KEUKA PARK — State police scuba divers took to the choppy, cloud-darkened waters of Keuka Lake on Wednesday to sharpen their water rescue safety skills.
Roughly a dozen certified divers from Troop E were briefed on the latest safety techniques before teaming up for simulated rescues off Keuka State Park. The annual Scuba and Aviation units’ exercise was designed to ensure the safety of the experienced divers and those in peril.
Emergency response from the air adds another dimension to retrieving people in danger of drowning, said Tech. Sgt. Greg Vaillancourt of Batavia. “It’s a confusing environment as it is,” he said. “It’s very noisy. The helicopter itself contributes to the noise.”
There also is a difference in the type of retrievals. Rescue efforts look to locate people believed to be alive; recovery plans search for those likely to be dead, said Senior Diver Trooper James Bailey of Painted Post.
And that distinction is an important one, although the decision is difficult. Typically, hopeful rescues taking longer than an hour — the “magic” hour — are likely to become saddened recoveries.
“There are so many factors … temperature, weather conditions, it’s hard to say. It’s always hard to say,” Bailey said.
He recalled a scuba team rescue after a boat sank on an area lake. Although the boat was submerged well past an hour, one passenger was in an air pocket and grabbed a rescuing scuba diver’s arm.
The question often is “how much risk you’re willing to put your team in,” Vaillancourt said.
The risk is real enough for the divers, who put their lives on the line, he said. “There’s something else for these guys. They care about rescuing (victims); they really want to help.”
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At noon, Chesapeake Sport Pilot will be firing up the grill with plenty of hot dogs and hamburgers to go around for the community picnic. Contributions of a side dish are welcome but not required.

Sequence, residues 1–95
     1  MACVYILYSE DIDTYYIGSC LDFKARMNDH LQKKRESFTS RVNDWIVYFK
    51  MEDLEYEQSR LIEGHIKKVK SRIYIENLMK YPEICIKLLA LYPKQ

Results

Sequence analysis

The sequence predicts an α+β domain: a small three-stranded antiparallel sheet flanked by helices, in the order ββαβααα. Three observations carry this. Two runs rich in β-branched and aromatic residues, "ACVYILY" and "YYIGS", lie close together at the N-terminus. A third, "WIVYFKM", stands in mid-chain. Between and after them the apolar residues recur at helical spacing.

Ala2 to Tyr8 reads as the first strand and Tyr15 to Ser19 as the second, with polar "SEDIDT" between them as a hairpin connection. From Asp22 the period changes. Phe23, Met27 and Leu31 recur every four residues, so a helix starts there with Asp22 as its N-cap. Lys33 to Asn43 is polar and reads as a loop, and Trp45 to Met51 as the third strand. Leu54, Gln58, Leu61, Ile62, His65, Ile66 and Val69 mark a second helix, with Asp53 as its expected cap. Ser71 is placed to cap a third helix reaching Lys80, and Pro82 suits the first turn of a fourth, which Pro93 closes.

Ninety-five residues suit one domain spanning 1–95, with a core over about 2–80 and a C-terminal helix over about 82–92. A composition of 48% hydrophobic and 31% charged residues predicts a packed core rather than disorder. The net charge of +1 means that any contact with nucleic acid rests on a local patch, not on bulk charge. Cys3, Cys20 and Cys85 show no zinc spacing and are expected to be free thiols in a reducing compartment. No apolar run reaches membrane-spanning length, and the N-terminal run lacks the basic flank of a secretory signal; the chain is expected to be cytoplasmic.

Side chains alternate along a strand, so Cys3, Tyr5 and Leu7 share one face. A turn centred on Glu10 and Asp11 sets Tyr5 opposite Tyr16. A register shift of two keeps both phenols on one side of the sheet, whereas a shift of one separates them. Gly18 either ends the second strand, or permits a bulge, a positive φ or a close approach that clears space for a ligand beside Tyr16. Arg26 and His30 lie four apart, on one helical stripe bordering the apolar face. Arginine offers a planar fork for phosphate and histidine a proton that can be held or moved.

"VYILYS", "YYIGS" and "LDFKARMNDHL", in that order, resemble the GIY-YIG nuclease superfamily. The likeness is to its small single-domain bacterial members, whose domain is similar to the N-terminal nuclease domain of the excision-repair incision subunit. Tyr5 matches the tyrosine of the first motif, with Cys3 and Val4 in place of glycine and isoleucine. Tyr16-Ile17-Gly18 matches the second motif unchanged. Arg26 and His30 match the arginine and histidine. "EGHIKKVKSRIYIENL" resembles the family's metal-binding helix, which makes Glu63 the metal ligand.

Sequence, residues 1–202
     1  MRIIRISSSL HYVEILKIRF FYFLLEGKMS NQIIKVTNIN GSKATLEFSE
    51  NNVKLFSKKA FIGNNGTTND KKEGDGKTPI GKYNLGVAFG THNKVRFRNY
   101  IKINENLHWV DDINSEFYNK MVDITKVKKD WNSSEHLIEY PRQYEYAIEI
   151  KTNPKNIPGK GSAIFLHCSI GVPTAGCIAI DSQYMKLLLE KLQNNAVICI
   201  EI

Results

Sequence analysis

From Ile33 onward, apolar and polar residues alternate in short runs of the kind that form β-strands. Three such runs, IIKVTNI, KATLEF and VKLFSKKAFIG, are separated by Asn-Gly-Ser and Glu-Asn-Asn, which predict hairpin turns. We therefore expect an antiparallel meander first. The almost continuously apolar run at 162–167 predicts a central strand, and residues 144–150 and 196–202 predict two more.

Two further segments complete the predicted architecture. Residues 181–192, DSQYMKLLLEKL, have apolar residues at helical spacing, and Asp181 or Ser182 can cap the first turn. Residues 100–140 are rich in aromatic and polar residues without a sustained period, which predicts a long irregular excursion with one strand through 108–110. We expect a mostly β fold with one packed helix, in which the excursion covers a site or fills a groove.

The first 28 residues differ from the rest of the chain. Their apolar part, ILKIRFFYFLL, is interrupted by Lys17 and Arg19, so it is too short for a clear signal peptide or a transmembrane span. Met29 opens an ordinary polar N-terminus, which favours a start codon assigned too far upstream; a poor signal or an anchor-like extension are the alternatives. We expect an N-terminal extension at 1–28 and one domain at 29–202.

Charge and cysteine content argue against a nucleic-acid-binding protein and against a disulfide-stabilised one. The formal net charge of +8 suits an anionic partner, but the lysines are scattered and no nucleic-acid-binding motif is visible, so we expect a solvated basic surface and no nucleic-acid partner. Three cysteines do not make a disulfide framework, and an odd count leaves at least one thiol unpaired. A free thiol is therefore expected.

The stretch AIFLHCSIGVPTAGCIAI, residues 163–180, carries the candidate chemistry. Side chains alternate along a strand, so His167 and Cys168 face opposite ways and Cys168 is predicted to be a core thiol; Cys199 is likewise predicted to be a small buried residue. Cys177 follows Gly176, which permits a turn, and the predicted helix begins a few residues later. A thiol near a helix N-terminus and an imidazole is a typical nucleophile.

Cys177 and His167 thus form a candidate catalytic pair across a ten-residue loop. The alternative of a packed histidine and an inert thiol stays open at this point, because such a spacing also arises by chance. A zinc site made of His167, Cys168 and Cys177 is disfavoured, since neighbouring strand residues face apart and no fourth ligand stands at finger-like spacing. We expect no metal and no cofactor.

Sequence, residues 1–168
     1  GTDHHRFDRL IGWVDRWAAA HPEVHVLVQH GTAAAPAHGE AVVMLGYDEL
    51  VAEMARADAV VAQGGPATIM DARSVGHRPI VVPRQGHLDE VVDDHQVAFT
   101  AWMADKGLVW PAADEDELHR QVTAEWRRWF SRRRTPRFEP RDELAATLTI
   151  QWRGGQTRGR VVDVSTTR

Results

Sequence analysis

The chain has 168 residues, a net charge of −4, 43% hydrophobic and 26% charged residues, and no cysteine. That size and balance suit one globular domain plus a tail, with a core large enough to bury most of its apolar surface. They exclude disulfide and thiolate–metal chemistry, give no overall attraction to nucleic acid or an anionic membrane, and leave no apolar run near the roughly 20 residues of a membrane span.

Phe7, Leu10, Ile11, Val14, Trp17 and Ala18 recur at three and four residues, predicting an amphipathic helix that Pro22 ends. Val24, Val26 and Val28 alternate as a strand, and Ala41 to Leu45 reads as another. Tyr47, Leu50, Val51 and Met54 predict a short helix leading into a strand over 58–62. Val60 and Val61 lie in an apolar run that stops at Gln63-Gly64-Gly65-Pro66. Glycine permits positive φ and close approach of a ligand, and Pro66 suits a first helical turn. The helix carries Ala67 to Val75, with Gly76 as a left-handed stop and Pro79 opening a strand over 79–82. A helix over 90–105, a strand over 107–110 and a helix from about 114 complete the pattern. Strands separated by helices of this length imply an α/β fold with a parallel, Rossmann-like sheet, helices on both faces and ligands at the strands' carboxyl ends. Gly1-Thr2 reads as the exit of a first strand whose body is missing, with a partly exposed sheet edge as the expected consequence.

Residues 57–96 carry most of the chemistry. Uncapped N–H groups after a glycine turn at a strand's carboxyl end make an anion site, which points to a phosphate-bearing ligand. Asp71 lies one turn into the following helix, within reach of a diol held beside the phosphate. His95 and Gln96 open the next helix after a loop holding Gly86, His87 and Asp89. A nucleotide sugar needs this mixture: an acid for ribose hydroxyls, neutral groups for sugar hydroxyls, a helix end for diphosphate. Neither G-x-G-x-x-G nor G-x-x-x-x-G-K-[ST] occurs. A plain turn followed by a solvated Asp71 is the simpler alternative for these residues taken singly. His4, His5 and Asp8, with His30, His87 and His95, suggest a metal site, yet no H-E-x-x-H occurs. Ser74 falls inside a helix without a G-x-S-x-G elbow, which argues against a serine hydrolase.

“Our introductory flight lessons are a great way to try out a light sport airplane and flying lessons,” said Chesapeake Sport Pilot Chief Flight Instructor Helen Woods.
At 1 p.m. Chesapeake Sport Pilot Flight Instructor Mike Bangert will teach a free seminar about “Aging and the Learning Process.” This seminar will cover the effects of aging on the learning process and how it affects pilots, whether you are a new student just beginning to fly, or an experienced pilot considering a change in your type of flying.
At 2 p.m., Chesapeake Sport Pilot Flight Instructor Chris Criswell will teach a free seminar “Gyroplane Facts and Safety.” This seminar will discuss the history and safety record of gyroplanes, and today’s modern gyroplane industry. If you’ve wondered how these aircraft work, or what it would be like to fly one, you won’t want to miss this discussion.
Woods said the school has a lot to celebrate this year.
“After seven and a half years in business, we have flown nearly 20,000 hours, been recognized as one of the top 50 flight school in the country, graduated dozens of pilots, and given thousands of people the opportunity to experience the fun and excitement of flight in a light sport aircraft,” Woods said. “If that doesn’t deserve a celebration, I don’t know what does.”
For more information or to RSVP for the party or Young Eagle flights, visit www.chesapeakesportpilot.com or contact CSP at Helen@chesapeakesportpilot.com or 410-604-1717.